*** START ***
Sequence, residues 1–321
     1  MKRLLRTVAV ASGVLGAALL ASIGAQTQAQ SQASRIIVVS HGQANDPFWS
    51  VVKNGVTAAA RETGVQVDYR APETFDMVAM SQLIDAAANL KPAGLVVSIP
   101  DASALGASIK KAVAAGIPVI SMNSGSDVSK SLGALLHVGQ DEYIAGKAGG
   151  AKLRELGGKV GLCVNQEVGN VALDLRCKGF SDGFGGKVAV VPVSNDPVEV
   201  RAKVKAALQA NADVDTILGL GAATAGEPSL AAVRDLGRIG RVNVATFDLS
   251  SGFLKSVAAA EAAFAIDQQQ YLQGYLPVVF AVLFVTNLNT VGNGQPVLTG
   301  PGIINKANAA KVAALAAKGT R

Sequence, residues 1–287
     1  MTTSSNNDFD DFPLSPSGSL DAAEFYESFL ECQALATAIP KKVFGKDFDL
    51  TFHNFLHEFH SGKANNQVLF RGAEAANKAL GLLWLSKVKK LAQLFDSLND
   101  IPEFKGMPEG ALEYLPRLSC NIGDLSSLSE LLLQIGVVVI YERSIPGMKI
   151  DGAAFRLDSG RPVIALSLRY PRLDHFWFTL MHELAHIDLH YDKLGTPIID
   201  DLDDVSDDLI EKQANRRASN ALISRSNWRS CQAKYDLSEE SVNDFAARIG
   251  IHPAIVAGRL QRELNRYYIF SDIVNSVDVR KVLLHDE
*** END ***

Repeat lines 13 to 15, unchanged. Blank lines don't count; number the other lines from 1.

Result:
   151  DGAAFRLDSG RPVIALSLRY PRLDHFWFTL MHELAHIDLH YDKLGTPIID
   201  DLDDVSDDLI EKQANRRASN ALISRSNWRS CQAKYDLSEE SVNDFAARIG
   251  IHPAIVAGRL QRELNRYYIF SDIVNSVDVR KVLLHDE